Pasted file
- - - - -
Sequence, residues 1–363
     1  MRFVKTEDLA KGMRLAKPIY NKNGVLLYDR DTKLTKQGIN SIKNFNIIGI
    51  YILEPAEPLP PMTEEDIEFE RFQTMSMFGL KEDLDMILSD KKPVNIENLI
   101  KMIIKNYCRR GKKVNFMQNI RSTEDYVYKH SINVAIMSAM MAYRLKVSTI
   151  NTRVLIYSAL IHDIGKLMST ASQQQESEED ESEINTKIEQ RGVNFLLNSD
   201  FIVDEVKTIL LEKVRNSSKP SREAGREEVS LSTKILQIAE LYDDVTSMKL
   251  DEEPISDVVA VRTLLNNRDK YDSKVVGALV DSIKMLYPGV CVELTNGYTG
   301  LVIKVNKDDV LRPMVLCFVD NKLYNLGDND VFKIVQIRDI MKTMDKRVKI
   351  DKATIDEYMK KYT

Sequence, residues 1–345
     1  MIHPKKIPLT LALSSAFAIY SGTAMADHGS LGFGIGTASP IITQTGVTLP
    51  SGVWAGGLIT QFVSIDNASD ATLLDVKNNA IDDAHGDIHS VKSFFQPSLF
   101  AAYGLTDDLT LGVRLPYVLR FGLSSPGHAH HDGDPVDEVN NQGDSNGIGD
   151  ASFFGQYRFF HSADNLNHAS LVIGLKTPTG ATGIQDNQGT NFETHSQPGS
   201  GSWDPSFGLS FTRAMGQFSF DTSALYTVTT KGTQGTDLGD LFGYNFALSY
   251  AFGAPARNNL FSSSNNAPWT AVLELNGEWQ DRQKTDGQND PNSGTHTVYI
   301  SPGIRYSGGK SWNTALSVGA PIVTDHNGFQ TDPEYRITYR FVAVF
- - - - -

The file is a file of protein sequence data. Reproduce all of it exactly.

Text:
Sequence, residues 1–363
     1  MRFVKTEDLA KGMRLAKPIY NKNGVLLYDR DTKLTKQGIN SIKNFNIIGI
    51  YILEPAEPLP PMTEEDIEFE RFQTMSMFGL KEDLDMILSD KKPVNIENLI
   101  KMIIKNYCRR GKKVNFMQNI RSTEDYVYKH SINVAIMSAM MAYRLKVSTI
   151  NTRVLIYSAL IHDIGKLMST ASQQQESEED ESEINTKIEQ RGVNFLLNSD
   201  FIVDEVKTIL LEKVRNSSKP SREAGREEVS LSTKILQIAE LYDDVTSMKL
   251  DEEPISDVVA VRTLLNNRDK YDSKVVGALV DSIKMLYPGV CVELTNGYTG
   301  LVIKVNKDDV LRPMVLCFVD NKLYNLGDND VFKIVQIRDI MKTMDKRVKI
   351  DKATIDEYMK KYT

Sequence, residues 1–345
     1  MIHPKKIPLT LALSSAFAIY SGTAMADHGS LGFGIGTASP IITQTGVTLP
    51  SGVWAGGLIT QFVSIDNASD ATLLDVKNNA IDDAHGDIHS VKSFFQPSLF
   101  AAYGLTDDLT LGVRLPYVLR FGLSSPGHAH HDGDPVDEVN NQGDSNGIGD
   151  ASFFGQYRFF HSADNLNHAS LVIGLKTPTG ATGIQDNQGT NFETHSQPGS
   201  GSWDPSFGLS FTRAMGQFSF DTSALYTVTT KGTQGTDLGD LFGYNFALSY
   251  AFGAPARNNL FSSSNNAPWT AVLELNGEWQ DRQKTDGQND PNSGTHTVYI
   301  SPGIRYSGGK SWNTALSVGA PIVTDHNGFQ TDPEYRITYR FVAVF